Charges Filed against HBO Hacker
The United States has filed criminal charges against an Iranian hacker accused of stealing 1.5 terabytes of data from HBO earlier this year.
As reported by the New York Times, the stolen material included full episodes of shows that had not yet aired as well as the script for an upcoming episode of "Game of Thrones."
According to the Times, "Behzad Mesri, who went by the pseudonym “Skote Vahshat,” was charged with computer fraud, wire fraud, extortion and identity theft."
Mesri, 29, is charged with trying to extort a payment of $6 million in bitcoin from HBO in exchange for not releasing the material to the public.
According to The Guardian,
While bitcoin is considered a pseudonymous currency that cannot be tracked in the same way as traditional currencies, monitoring its movement is possible due to the way transactions are written into a distributed ledger called the blockchain.
That makes turning ill-gotten gains into traditional currencies harder to do anonymously. To do so requires the use of techniques such as a bitcoin mixer or tumbler, which intentionally confuses the trails of bitcoin transactions to protect the anonymity of the bitcoin owners.
Mesri gradually did allegedly release shows such as "Ballers" and "The Deuce" on the internet, as well as the "Game of Thrones" script.
The stolen data included company financial documents, emails, and social media account credentials.
Mesri is still in Iran, and law enforcement officials admitted that it would be hard to actually arrest him. However, the indictment may make it difficult for him to travel abroad.
According to the Times,
The indictment stops short of formally accusing Mr. Mesri, 29, of working on behalf of the Iranian government, though it notes that he previously “had worked on behalf of the Iranian military to conduct computer network attacks that targeted military systems, nuclear software systems, and Israeli infrastructure.”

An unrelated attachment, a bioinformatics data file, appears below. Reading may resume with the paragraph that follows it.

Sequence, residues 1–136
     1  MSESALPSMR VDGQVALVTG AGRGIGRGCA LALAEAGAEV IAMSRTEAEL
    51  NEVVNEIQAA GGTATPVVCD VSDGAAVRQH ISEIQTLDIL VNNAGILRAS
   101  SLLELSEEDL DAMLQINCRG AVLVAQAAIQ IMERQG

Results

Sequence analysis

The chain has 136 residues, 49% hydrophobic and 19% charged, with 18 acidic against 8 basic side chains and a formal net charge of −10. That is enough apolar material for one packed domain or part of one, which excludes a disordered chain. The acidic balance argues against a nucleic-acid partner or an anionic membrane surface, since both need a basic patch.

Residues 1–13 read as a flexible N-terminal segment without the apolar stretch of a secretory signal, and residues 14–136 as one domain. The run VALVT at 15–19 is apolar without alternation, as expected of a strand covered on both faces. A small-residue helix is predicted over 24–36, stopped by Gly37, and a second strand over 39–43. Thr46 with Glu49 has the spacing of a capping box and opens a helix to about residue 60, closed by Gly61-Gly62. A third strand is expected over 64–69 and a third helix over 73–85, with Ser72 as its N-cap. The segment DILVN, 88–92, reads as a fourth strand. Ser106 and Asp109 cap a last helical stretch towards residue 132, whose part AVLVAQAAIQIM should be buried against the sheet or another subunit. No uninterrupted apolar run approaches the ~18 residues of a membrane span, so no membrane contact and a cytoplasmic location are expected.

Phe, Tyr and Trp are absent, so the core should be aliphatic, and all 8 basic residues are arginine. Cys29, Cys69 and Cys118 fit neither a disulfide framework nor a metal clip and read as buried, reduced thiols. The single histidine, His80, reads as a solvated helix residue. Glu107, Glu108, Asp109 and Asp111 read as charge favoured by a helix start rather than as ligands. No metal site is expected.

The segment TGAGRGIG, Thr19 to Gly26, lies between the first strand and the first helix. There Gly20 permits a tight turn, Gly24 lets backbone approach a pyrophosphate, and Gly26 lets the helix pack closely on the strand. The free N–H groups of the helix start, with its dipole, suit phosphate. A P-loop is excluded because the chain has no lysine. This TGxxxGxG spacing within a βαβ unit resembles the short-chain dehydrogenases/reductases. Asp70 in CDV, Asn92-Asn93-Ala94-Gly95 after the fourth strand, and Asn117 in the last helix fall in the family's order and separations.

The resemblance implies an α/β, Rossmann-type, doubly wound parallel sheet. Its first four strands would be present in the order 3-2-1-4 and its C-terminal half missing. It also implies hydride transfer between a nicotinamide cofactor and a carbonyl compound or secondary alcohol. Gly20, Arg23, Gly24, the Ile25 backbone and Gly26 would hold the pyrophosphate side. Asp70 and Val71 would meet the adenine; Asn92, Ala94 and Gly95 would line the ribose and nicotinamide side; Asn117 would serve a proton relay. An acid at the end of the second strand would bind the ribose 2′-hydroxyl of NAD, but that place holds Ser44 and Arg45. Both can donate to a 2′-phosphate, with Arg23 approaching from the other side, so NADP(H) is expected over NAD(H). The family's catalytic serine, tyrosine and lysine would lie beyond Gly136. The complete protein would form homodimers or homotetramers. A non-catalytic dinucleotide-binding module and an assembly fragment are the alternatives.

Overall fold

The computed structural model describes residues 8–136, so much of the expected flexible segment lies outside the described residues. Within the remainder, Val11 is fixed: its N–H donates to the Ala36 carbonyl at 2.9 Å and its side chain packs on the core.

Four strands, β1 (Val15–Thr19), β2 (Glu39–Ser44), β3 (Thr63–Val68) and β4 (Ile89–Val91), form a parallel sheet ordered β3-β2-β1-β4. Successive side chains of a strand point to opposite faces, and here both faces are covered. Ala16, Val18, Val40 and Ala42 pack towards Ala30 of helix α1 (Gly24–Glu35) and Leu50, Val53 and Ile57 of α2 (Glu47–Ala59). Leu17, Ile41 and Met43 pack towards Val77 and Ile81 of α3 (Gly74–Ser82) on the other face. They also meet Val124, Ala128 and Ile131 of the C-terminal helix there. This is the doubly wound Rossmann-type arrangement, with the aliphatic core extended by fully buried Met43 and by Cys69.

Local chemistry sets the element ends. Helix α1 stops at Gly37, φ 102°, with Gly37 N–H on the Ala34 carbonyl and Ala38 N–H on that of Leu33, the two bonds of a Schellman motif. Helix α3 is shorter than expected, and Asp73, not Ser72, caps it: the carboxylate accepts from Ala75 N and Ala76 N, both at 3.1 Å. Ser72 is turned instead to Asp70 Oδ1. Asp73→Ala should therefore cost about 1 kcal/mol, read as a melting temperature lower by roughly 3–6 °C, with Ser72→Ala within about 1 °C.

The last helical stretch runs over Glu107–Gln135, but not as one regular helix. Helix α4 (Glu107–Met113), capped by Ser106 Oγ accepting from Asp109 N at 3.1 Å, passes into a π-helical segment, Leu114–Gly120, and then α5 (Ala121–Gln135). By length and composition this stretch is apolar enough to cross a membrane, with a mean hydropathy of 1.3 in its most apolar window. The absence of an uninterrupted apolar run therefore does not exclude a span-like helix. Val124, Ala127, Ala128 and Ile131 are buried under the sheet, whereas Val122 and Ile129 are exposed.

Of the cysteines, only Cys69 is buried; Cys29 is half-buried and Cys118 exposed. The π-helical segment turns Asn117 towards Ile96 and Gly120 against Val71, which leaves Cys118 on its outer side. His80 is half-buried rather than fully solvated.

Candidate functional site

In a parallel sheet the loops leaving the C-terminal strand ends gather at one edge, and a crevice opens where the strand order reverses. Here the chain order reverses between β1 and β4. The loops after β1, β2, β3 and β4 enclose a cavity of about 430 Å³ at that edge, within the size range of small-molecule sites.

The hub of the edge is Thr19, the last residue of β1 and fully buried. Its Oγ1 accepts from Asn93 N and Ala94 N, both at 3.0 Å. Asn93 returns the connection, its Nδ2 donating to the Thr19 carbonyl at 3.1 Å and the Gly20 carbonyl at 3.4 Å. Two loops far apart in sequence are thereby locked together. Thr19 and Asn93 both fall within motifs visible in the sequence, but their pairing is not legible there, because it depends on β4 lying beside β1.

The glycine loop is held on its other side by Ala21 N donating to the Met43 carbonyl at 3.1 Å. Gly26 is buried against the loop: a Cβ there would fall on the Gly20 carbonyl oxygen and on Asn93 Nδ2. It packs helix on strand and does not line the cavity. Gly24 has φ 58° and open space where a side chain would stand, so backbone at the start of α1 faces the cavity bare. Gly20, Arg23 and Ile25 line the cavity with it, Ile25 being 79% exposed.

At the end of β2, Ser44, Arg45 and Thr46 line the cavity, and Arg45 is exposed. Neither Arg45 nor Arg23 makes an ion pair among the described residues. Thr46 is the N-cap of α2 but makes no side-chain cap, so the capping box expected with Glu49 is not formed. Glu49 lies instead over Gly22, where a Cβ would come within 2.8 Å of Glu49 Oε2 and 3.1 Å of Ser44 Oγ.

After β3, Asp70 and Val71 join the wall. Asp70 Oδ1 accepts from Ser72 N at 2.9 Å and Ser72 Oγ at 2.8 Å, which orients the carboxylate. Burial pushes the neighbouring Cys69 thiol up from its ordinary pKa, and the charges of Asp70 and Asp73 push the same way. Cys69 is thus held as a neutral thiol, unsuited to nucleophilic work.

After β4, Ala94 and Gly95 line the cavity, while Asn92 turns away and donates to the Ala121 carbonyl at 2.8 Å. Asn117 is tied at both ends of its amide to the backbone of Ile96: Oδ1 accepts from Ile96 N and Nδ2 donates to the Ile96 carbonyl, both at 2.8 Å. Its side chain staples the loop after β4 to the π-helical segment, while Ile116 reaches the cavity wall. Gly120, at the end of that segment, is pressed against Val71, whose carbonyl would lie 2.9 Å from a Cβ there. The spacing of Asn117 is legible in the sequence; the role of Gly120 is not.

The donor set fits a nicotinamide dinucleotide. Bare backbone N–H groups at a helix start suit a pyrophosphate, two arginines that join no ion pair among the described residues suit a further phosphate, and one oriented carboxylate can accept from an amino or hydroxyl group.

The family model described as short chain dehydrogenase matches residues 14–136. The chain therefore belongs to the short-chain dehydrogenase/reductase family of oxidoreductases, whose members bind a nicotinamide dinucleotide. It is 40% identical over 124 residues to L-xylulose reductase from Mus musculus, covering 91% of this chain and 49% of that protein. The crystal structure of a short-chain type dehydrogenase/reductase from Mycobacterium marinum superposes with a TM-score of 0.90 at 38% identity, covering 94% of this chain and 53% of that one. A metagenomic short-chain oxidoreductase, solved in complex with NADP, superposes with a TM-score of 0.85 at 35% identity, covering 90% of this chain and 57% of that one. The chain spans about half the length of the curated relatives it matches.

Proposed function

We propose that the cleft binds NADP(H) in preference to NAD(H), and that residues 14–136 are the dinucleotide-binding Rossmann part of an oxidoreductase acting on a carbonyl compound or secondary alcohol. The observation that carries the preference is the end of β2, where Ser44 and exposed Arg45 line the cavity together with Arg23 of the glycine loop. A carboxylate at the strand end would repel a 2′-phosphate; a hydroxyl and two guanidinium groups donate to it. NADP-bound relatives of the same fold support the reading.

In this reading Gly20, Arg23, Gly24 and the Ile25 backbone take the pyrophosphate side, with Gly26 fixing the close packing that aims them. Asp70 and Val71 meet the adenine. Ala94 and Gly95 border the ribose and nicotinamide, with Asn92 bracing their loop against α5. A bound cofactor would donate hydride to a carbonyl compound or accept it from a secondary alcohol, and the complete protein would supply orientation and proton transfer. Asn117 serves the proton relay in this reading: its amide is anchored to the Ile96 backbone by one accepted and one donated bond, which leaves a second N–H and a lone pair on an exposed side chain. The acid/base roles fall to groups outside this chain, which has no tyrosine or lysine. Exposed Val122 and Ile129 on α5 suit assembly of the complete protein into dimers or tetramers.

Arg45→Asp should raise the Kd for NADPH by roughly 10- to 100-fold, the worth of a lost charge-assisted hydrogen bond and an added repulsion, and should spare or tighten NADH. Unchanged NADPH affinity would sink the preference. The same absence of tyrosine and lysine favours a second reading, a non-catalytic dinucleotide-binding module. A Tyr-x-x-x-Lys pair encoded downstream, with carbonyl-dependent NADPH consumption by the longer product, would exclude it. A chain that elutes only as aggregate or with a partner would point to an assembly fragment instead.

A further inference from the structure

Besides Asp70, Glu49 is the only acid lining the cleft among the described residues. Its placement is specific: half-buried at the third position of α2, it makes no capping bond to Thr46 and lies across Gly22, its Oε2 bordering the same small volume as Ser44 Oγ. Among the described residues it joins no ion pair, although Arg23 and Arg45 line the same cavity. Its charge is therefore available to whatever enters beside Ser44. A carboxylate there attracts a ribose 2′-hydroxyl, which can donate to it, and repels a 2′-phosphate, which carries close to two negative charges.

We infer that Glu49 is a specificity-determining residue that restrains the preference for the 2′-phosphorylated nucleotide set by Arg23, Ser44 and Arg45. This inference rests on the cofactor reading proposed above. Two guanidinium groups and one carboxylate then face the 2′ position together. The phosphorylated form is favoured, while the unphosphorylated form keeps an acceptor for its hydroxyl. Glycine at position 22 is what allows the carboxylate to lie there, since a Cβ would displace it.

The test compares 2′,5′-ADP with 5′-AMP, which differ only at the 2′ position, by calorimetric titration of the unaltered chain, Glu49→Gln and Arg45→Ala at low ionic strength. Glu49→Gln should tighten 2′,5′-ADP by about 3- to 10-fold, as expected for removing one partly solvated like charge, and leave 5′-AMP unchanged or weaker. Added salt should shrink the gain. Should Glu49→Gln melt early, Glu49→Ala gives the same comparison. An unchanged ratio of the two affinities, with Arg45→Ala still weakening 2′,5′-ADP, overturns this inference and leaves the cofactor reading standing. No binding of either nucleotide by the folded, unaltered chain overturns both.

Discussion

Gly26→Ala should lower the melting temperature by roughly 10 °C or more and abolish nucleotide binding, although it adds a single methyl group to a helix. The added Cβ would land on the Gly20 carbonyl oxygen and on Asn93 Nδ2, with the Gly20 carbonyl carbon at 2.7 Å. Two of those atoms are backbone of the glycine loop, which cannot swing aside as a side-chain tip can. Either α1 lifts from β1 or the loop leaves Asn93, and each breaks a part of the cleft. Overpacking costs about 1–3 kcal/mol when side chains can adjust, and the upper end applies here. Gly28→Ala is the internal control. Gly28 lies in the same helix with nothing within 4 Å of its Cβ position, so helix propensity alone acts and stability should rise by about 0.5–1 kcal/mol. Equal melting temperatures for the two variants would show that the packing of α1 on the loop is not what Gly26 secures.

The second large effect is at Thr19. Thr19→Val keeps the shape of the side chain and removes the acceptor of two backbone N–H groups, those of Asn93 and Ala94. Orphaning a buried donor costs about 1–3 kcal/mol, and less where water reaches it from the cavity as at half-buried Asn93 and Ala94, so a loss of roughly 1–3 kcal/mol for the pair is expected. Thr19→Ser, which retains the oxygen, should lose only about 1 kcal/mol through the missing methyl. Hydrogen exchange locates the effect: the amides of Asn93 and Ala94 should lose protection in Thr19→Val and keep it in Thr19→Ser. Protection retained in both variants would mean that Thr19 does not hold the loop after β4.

The Sony Hack
In 2014, Sony fell victim to a far broader hack attack.
As the Times reported,
Some of the studio’s 7,000 employees, arriving at work, turned on their computers to find macabre images of [Chief Executive Michael] Lynton’s severed head. Sony shut down all computer systems shortly thereafter, including those in overseas offices, leaving the company in the digital dark ages: no voice mail, no corporate email, no production systems.
In that case, hackers revealed thousands of embarrassing emails and released personal information about 50,000 current and former Sony employees — including their Social Security numbers and salary information.
The attack was widely viewed to have originated in North Korea, and tied to Sony's release of the Seth Rogen/James Franco comedy "The Interview," which depicts a fictional assassination of North Korea's leader Kim Jong-Un.
Amy Pascal, the head of Sony Pictures at the time, was fired in the wake of the attack.
Sony was also sued for negligence, defamation, and invasion of privacy, among other causes of action, for injuries to current and former employees caused by the attack.